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Part 2 Writing Expository and Evaluative Essays



Reading Analytically

To compose an interesting, engaging essay, writers start by gaining knowledge, insight, and further understanding of their subject matter. This grows from reading sound sources carefully and critically.

Open book with frayed edges

Writers must be enlightened and, as the adage goes, there are many paths to enlightenment. Writing, on the other hand, brings permanence to the many wonderful ideas we imagine as we read, listen, and speak in our daily academic lives. And the truth applies to so many other interests in our lives.

Take, for example, a cell phone. Anyone can walk to their local authorized cell phone retailer and buy a cell phone by picking the cheapest, the smallest, the biggest, or the first they see. But good consumers prefer to inform themselves. So, before buying a cell phone, they start thinking about what they want in a cell phone. A really good camera? Lots of storage for photos? Access to thousands of free apps? A touch screen guaranteed not to crack? These are all important questions to cell phone buyers, so they start reading reviews of various cell phones online. They talk to their friends and family about what they like and dislike about their current cell phone and then they mentally make a list of which cell phones are contenders.

In the end, a good consumer chooses a cell phone only after they are informed. Writing a paper is no different. When an instructor asks their students to reach, understand, and analyze a text, they are doing so because writing reveals knowledge and understanding of a subject…and it also reveals the lack of both. Armed with knowledge and understanding, writers are far better equipped to put words on the page and, in essence, give permanence to their ideas about a subject.

After all, writing a college essay is about sharing an idea, perspective or belief you have while providing reasons for why you have point of view. Knowledge and understanding of the subject means the writer shares an informed and thoughtful viewpoint rather than a haphazard one easily questioned and ultimately doubted by the audience.

As a writer, one seeks an audience but one never gains one if they do not earn the respect of the audience by demonstrating knowledge and understanding of the subject.

Text will often be our greatest source of knowledge and preparation to write. Luckily, we live in a world constantly surrounded text and also by rhetoric which is text that intends to capture our attention and convince us something. An advertisement is a text; a series of tweets is a text; a TV show is a text; an improvised dance number is a text and each might attempt to shape our beliefs about some common and uncommon issues.

Every text, in turn, is subject to interpretation which is the process of consuming rhetoric to create meaning. A text by itself does not actually mean anything; rather, we build meaning as we engage with a text. This is an important distinction to make because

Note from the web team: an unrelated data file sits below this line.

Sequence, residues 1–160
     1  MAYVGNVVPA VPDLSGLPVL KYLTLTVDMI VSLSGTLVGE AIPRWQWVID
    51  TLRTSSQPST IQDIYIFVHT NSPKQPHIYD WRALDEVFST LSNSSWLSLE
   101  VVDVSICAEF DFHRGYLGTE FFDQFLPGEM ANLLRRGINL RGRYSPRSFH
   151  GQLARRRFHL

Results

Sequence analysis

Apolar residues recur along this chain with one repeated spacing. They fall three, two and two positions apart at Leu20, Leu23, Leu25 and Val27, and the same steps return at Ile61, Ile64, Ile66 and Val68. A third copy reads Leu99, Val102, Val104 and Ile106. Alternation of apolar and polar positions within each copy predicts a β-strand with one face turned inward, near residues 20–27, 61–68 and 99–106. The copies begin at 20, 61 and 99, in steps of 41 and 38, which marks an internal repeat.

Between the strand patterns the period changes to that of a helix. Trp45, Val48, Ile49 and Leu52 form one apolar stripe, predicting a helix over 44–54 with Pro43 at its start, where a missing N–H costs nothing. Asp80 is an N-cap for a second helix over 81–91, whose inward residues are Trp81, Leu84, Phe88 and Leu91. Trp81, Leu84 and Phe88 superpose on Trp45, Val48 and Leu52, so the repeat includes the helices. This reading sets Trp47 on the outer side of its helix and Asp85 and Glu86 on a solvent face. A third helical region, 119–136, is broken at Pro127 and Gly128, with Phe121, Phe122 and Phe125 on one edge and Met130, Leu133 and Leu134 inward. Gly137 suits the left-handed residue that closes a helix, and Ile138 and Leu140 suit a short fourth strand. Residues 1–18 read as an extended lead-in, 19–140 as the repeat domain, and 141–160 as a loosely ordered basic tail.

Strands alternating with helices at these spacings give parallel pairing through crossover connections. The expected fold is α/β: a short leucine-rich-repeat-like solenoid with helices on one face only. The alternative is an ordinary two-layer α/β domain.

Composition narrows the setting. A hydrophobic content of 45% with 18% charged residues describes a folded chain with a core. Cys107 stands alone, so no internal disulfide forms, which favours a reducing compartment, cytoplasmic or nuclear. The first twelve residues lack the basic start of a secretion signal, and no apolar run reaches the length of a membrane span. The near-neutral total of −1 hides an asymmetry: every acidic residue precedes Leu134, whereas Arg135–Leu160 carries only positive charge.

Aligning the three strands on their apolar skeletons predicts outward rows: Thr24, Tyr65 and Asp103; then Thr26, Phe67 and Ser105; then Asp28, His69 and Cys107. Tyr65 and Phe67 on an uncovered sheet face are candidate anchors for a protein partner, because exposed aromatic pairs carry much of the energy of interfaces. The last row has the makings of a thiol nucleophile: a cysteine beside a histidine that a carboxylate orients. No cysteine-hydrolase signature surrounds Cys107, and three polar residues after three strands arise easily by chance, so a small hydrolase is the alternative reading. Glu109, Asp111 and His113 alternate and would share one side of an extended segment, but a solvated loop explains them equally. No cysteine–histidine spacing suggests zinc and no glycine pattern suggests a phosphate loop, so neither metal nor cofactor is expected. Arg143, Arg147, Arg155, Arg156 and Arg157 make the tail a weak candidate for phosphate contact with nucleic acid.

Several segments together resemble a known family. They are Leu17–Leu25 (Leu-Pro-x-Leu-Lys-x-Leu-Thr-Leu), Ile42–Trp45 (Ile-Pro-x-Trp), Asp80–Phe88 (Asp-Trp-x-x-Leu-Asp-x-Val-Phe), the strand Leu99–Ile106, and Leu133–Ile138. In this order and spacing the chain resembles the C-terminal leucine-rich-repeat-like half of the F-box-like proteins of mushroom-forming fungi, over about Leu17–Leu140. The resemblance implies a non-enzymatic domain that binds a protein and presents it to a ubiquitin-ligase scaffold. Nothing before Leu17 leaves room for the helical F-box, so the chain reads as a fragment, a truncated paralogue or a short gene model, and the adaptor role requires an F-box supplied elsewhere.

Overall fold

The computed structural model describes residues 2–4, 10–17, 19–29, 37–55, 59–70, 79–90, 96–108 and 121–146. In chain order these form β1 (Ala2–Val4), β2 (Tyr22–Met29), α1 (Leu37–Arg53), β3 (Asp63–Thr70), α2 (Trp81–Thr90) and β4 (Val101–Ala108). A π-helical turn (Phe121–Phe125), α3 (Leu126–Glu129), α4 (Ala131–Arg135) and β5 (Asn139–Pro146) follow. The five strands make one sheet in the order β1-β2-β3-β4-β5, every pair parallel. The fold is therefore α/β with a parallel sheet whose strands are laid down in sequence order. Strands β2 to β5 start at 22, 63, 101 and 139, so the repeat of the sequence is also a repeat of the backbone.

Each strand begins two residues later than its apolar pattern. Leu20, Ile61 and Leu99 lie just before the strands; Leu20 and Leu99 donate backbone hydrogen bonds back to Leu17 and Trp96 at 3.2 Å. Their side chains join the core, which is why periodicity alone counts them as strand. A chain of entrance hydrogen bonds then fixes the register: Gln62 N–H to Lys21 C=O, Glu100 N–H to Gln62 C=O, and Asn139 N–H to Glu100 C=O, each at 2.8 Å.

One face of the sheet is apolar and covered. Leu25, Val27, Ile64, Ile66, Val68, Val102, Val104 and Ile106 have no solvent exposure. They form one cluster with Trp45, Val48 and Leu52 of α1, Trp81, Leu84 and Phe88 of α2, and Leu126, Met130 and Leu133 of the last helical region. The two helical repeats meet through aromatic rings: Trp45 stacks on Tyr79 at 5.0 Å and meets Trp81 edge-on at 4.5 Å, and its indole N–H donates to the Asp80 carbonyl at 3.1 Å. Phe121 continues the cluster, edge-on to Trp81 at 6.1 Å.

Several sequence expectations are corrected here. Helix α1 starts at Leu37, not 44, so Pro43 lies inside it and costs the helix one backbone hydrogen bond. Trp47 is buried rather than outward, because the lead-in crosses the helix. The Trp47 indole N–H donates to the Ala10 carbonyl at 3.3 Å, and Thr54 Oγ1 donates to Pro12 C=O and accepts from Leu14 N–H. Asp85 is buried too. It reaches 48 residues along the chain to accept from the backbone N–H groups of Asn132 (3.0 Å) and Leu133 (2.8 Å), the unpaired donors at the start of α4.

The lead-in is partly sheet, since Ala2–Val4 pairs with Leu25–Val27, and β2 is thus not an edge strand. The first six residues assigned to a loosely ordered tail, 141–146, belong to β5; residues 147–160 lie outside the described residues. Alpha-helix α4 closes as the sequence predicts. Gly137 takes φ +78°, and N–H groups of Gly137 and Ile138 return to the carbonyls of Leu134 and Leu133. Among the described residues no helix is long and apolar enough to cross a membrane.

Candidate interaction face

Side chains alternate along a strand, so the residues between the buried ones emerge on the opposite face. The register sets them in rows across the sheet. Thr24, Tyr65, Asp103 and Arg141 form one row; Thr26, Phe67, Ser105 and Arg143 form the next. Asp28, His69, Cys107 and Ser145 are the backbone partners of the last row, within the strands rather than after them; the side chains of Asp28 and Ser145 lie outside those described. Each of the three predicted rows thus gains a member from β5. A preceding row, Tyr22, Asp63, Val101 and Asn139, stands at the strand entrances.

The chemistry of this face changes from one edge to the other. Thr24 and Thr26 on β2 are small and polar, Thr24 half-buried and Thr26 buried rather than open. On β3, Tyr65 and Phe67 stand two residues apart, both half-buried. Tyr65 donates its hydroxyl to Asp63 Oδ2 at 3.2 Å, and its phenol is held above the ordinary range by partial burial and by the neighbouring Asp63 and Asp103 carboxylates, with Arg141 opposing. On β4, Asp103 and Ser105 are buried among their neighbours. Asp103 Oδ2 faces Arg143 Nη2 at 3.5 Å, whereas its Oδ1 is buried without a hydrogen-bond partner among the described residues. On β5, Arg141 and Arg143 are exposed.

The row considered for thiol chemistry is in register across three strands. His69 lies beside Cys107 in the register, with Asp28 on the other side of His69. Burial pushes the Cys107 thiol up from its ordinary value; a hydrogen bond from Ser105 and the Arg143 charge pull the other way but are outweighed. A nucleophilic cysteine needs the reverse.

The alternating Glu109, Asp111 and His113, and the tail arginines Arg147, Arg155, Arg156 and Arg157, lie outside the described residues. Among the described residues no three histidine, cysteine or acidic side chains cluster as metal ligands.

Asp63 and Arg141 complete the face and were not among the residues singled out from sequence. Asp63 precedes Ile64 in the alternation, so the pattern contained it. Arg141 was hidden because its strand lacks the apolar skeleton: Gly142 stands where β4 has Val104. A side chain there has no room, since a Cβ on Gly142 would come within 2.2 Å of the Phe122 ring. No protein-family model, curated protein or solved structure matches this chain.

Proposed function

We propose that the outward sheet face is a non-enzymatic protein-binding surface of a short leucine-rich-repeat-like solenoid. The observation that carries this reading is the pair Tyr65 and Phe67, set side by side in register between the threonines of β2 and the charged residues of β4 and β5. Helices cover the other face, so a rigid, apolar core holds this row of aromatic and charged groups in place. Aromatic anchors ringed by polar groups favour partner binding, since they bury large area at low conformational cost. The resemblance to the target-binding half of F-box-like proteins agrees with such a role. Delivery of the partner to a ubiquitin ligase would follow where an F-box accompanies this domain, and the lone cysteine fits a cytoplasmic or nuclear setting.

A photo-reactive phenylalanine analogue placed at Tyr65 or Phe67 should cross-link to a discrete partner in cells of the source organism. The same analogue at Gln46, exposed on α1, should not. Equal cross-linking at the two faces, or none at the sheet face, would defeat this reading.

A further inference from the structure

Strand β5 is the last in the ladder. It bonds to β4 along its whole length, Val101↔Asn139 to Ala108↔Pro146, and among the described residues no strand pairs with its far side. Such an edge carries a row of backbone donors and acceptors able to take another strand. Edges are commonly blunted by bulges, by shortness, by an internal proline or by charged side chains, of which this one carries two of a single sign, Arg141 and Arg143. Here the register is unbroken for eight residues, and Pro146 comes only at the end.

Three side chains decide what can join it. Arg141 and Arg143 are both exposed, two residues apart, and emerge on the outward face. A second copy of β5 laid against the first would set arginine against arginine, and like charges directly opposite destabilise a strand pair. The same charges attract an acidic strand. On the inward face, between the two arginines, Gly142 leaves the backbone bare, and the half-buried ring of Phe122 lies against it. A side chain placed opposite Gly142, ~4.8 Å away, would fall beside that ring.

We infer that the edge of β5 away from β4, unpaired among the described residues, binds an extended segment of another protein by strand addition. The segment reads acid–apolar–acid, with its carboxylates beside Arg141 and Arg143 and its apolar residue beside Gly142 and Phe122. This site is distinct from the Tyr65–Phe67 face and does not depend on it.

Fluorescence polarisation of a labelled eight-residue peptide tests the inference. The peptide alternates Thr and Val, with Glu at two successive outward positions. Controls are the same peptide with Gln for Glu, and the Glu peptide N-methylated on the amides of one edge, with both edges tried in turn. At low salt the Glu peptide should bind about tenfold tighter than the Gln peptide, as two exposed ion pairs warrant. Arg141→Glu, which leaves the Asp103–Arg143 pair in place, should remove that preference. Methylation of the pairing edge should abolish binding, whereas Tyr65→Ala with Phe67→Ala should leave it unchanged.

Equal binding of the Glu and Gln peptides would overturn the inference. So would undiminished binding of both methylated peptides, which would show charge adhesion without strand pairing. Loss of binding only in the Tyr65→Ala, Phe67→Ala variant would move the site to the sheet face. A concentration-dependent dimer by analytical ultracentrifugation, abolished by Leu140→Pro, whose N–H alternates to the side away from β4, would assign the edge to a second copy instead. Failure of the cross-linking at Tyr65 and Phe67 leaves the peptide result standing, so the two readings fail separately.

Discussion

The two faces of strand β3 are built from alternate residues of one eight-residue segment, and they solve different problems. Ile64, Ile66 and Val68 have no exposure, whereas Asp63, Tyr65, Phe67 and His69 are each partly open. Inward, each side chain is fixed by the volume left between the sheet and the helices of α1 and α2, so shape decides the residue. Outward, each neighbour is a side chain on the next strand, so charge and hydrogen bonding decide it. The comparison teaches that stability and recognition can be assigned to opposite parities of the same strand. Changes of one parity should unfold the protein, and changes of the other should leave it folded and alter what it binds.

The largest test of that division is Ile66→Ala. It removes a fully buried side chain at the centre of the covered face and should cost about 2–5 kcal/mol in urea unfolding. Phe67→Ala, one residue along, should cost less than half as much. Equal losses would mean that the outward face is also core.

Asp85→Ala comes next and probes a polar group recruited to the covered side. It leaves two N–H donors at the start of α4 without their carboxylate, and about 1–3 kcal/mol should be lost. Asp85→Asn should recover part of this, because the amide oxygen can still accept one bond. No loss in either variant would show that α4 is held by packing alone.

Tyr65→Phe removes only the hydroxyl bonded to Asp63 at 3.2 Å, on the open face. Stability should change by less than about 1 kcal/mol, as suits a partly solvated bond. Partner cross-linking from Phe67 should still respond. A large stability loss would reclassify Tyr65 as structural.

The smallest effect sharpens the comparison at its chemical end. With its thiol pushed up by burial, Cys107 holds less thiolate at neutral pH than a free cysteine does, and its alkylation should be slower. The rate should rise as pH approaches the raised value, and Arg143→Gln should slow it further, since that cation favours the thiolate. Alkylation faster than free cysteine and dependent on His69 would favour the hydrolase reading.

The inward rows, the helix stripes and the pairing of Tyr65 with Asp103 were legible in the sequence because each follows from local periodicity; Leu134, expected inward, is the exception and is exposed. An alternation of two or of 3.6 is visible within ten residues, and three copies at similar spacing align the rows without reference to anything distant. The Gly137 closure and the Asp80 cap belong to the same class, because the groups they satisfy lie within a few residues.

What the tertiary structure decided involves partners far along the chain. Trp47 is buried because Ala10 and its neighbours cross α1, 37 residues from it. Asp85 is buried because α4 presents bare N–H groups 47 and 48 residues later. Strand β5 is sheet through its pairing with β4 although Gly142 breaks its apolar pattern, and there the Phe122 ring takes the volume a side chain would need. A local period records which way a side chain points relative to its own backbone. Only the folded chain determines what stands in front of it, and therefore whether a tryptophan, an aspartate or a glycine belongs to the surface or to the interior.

• As a reader, your interpretation is unique and informed by your lived experiences, your family’s values, your education, your mood(s), your purpose, and your posture. To an extent, no two readers will interpret a text exactly the same way.
  • On the other hands, as an author, you must be cognizant that your writing only impacts your audience when they encounter it from their unique interpretive position. You may carefully construct a piece of writing to capture meaning, but that meaning only exists when a reader engages with what you’ve written.

Because texts can come in such diverse and complex forms, the strategies entailed in “critical” and “active reading” are only the first step: they are tools in our toolkits that lay the groundwork for interpretation. In other words, engaged reading strategies prepare us for discovering our text through an analytical encounter with a text during which you, the reader, make observations and informed arguments about the text as a method of creating meaning and cultivating unique insight. Most often, this encounter will eventually lead to an essay that shares your analysis with your classmates, your teacher, or an audience of professional colleagues and the public.

The following section will first explore the tenets of critical and analytical reading using cognitive and rhetorical techniques. Once you’ve explored how one examines a text, then we will explore how to use this newly acquired knowledge and insight to create a truly unique essay. Thus, we will learn how to consume rhetoric, and then we will produce rhetoric. While your teacher may ask you to focus on a particular medium or genre of text, for this section we will explore analytical processes that can be applied to many different kinds of texts. First, we will review the ideas and skills for thinking analytically. After that, we will turn to ideas and skills for writing about that analytical thinking, including summary, note-taking, and synthesis.


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Expression and Inquiry by Christopher Manning; Sally Pierce; and Melissa Lucken is licensed under a Creative Commons Attribution 4.0 International License, except where otherwise noted.

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